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Lower Court Judge in South Carolina Issues Ruling Contrary to SC Supreme Court

Lower Court Judge in South Carolina Issues Ruling Contrary to SC Supreme Court

From the Diocese of South Carolina:

South Carolina Circuit Court Judge Edgar Dickson, tasked in November 2017 by the South Carolina Supreme Court (SCSC) with a remittitur to enforce the final judgment of the SCSC which ruled in August 2017 that the diocesan property and 29 parishes should be returned to the parties affiliated with The Episcopal Church, issued an Order earlier today that seems to be contrary to that decision. In his Order, he ruled that the properties instead belong to each congregation, using the application of the neutral principles of law. His order indicates that the historic Episcopal Diocese of South Carolina has no interest in the properties of the breakaway congregations that left the historic diocese and The Episcopal Church.

While the August 2017 final judgement of the South Carolina Supreme Court was based on a finding that these specific diocesan properties had acceded to the 1979 Dennis Canon, Judge Dickson found no explicit accession existed. As noted in the Order, the 1979 Dennis Canon states the following: “All real and personal property held by or for the benefit of any Parish, Mission or Congregation is held in trust for this Church and the Diocese thereof in which such Parish, Mission or Congregation is located. The existence of this trust, however, shall in no way limit the power and authority of the Parish, Mission or Congregation otherwise existing over such property so long as the particular Parish, Mission or Congregation remain a part of, and subject to this Church and its Constitution and Canons.”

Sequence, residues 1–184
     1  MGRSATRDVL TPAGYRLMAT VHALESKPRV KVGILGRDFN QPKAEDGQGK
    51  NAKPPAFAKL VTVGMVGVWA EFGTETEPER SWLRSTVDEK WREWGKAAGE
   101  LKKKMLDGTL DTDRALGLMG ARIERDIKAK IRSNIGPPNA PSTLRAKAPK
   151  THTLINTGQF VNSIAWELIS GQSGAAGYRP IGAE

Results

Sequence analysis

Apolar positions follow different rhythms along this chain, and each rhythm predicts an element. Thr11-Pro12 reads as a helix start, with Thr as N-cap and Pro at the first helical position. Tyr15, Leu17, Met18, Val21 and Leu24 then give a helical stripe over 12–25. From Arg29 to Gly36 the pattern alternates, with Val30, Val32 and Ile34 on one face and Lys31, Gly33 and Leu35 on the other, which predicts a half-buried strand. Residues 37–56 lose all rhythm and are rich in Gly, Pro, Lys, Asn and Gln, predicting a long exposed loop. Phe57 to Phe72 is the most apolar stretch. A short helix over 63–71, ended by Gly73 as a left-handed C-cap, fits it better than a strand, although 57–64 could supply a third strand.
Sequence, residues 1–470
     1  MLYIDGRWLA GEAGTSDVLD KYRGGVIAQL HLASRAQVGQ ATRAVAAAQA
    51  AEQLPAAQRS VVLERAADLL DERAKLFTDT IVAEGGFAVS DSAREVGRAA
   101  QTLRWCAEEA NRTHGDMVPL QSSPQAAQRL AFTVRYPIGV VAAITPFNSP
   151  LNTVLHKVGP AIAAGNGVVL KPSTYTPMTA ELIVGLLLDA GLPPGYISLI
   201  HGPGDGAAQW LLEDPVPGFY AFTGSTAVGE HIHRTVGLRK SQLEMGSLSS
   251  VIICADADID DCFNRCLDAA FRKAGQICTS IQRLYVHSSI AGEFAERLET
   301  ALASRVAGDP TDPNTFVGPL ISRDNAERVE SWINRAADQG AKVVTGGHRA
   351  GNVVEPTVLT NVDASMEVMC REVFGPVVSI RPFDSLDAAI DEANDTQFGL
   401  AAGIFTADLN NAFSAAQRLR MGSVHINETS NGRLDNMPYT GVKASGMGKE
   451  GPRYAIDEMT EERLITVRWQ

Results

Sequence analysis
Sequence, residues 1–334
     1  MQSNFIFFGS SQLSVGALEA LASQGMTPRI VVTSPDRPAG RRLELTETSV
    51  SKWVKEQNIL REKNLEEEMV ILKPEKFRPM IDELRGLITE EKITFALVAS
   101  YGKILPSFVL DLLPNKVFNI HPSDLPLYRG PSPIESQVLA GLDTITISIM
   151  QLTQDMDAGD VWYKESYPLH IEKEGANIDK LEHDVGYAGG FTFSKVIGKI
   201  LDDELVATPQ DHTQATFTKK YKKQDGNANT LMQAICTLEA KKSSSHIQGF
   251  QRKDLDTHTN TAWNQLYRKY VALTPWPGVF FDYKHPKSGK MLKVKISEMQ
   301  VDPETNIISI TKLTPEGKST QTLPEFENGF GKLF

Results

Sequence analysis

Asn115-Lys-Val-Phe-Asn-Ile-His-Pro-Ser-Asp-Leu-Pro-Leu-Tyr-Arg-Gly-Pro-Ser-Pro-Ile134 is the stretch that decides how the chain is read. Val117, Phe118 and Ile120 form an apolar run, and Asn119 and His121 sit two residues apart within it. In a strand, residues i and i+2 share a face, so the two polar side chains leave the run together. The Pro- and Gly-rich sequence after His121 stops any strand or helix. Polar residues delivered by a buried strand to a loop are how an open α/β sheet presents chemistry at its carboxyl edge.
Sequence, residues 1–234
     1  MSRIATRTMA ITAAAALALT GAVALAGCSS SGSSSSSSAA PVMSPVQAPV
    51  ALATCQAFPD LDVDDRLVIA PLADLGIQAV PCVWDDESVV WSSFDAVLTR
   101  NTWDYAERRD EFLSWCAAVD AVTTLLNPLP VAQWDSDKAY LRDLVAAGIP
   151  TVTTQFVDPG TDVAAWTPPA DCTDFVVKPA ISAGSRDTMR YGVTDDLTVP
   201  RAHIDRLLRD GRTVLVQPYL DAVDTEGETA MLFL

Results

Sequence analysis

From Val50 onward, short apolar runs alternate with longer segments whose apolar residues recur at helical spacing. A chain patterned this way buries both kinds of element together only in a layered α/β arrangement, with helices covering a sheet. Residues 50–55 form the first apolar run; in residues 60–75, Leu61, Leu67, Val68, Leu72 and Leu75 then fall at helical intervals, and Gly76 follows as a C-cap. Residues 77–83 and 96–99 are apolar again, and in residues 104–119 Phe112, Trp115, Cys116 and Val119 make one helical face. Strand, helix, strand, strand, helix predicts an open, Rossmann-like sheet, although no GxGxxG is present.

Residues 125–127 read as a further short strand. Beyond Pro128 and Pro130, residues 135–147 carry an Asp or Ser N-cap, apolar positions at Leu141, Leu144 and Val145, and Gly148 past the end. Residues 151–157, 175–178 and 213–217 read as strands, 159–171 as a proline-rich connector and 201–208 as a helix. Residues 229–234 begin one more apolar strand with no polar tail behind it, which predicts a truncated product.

In his opinion with the majority in August 2017, SC Supreme Court Justice Costa Pleicones noted that a failure to recognize the “ecclesiastical nature of this dispute,” would “impose a requirement that each local church must specifically accede to the Dennis Canon before it can be bound. Such a requirement entangles the civil court in church matters, for TEC’s Canons specifically provide that ‘no such action shall be necessary for the existence and validity of the trust.’”

 

The full text of the diocese’s press release is here.

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christopher r seitz

If I may permitted to make a suggestion. TEC should encourage individual Bishops to do the legal work necessary to insure that properties belong to the diocese. A US Supreme Justice warned that a ‘Dennis Canon’ was not sufficient to convey a trust as is necessary. We are seeing that play out in TX, Illinois, and SC. If you want to claim that properties belong to TEC, get it done at the diocesan level. For what it is worth, I believe the case in SC is over. It is highly doubtful that 3 appeals judges are out there. The US Supreme Court won’t hear this, signalling: ‘clean up the mess of your own making’ (a la the above).

Steve Price

To put this ruling in its proper perspective it is necessary to be aware that prior to becoming a Judge this person was a member of the same law firm in whose favor he just ruled. If the South Carolina Supreme Court allows him to nullify its decision there is no justification for the continued existence of the Supreme Court.

christopher r seitz

Are you saying he was with Speights and Runyan in Beaufort?

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